The final anole species, Anolis pulchellus, is a grass anole that inhabits some of the more vegetated parts of the island. I saw three of these, including one sleeping while clinging to a branch, but in each case, I either didn’t have a camera handy or the anole was not willing to sit still to have its portrait made.

Guana’s most famous lizard is the highly endangered Stout Iguana (Cyclura pinguis). Just 30 years ago, there were fewer than 200 individuals of this species thought to occur in the world, and they were only located in one place: Anegada Island (part of the BVI). As part of Guana restoration efforts, Skip Lazell and the The Conservation Agency worked to restore iguana populations on Guana Island by transplanting some individuals from Anegada. This population is now doing well, with lots of adults and successful yearly reproduction. While we were there, other researchers had caught over 100 hatchlings born this year alone!


Large adults are commonly seen on the trails and make quite a racket as they go motoring through the brush. This one paused to express its displeasure with our disruption of its basking by bobbing its head at us. While this iguana breaks 10 lbs, some individuals over 40 lbs occur on Guana!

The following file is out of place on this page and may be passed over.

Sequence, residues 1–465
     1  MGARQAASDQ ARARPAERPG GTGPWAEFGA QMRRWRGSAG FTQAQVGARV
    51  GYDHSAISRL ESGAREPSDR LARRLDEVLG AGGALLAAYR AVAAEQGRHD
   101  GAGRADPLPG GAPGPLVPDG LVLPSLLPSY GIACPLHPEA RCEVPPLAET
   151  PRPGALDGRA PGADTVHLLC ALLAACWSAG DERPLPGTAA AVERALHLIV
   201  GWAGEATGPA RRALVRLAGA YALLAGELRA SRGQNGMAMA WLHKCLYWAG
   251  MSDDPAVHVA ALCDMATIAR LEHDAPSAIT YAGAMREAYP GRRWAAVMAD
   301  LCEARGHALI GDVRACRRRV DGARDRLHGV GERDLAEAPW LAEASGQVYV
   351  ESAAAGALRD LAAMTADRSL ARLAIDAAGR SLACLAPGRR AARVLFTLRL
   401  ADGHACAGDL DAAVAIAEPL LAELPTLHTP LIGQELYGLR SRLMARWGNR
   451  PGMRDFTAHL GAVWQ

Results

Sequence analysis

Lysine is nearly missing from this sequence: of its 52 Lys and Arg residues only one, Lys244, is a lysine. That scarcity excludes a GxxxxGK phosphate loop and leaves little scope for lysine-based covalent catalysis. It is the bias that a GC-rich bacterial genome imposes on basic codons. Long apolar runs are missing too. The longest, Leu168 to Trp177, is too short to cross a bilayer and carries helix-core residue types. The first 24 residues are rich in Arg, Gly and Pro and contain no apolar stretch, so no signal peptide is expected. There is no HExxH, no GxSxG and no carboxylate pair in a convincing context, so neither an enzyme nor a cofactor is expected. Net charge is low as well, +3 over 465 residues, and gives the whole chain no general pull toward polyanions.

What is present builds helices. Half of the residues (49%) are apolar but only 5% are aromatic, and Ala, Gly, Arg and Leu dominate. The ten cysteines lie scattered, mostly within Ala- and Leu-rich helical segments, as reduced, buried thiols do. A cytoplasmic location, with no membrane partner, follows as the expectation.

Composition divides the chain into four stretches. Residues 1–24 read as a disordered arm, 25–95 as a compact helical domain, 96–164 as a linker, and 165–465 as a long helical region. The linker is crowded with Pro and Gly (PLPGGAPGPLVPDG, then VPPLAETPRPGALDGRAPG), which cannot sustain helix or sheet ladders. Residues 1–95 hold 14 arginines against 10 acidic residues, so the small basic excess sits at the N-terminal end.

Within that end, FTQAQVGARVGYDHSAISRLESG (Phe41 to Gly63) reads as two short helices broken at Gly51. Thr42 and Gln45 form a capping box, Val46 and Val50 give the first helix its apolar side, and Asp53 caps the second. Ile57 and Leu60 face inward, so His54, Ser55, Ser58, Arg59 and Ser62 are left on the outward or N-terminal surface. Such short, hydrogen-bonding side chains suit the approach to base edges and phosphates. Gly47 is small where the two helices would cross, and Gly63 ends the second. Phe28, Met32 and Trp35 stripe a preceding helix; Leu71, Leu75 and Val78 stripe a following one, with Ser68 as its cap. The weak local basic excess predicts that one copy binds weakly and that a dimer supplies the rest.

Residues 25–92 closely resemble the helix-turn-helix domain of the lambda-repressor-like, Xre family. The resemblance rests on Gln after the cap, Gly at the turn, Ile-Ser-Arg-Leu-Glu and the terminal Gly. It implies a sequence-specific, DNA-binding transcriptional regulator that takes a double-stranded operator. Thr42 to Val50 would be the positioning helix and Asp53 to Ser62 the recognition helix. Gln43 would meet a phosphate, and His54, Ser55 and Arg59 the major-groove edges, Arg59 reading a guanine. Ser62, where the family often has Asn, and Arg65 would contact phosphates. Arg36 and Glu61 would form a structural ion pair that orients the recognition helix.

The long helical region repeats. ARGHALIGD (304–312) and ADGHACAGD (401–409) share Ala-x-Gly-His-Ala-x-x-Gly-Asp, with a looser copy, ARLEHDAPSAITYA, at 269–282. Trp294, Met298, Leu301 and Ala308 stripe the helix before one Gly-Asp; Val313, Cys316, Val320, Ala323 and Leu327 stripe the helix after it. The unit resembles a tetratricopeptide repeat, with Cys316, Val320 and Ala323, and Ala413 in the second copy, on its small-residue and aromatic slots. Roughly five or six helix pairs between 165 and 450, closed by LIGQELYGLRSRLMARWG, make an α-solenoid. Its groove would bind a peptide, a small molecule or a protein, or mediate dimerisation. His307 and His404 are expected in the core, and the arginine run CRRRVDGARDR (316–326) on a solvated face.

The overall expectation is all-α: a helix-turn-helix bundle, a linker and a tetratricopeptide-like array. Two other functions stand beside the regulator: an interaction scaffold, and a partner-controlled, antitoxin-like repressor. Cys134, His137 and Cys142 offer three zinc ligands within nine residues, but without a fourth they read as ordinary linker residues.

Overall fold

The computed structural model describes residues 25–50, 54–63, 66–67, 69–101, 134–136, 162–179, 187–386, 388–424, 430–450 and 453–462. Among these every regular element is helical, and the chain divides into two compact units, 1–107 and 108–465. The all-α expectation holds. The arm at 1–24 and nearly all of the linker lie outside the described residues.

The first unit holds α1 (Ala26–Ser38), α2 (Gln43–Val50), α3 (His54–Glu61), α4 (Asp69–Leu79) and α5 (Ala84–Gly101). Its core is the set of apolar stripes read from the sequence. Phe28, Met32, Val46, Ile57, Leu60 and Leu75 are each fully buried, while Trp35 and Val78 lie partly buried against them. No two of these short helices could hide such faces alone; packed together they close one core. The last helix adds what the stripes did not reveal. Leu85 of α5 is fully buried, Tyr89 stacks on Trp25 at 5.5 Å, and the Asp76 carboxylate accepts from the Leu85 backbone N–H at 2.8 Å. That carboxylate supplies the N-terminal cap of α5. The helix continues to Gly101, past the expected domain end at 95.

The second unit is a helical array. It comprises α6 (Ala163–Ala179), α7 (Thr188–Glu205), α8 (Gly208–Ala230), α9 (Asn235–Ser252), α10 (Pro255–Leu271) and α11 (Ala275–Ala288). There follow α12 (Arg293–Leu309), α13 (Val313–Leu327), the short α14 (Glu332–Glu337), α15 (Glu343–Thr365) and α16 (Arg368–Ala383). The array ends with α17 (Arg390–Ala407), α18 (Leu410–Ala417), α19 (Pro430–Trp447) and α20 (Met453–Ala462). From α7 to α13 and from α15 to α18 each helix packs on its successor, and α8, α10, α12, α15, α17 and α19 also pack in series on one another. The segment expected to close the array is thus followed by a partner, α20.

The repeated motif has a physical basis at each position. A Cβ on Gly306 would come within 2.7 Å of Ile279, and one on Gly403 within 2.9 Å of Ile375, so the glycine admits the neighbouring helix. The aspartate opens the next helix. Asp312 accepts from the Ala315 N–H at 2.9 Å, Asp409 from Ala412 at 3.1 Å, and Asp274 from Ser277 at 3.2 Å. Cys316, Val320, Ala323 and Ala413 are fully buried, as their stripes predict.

Hatchling stout iguanas were a common site on the island, especially around the orchard where we found this little tyke. The orchard provides lots of tasty fruits that allow hatchling igaunas to more than double their weight in their birth year. This one attempted to make a short dash up a tree away from me, but I got a quick snap of him peeking out from behind some foliage before I left him to his own devices.

Aside from the lizards, there are also two snake species on Guana. We spotted many individuals of one species, often called the Puerto Rican racer (Alsophis portoricensis) as they are active, diurnal hunters. We saw adults and hatchlings in the undergrowth or zipping across the dirt roads of the island.


The racers were easy to catch and surprisingly calm. I never even had one strike at me, though they are apparently slightly venomous if you let them gnaw on you for awhile.


The babies were quite cute with a pale yellow chinstripe.

Possibly the most dramatic wildlife moment I experienced on the trip involved the predation of a racer on a hatchling stout iguana (though I’ll have to narrate it as I was doing laundry at the time of the observation and, of course, not carrying a camera!). After a walk in search of walking sticks (the insect, not old people kind), I was called over to the main complex building to see a struggle to the death! A very large (pushing one meter in length) racer had snagged a hatchling stout iguana which had wandered into the “living room” of the resort. The snake had envenomated the lizard with a bite to the chest and surrounded the hatchling with its coils to hold it while the venom had its way with the lizard’s physiology. Upon seeing us, however, the snake released its potential prey and fled through the far door of the room. After a little while the lizard began slowly staggering around the living room and looked not long for the island, so we moved on to give the snake a second chance at a meal.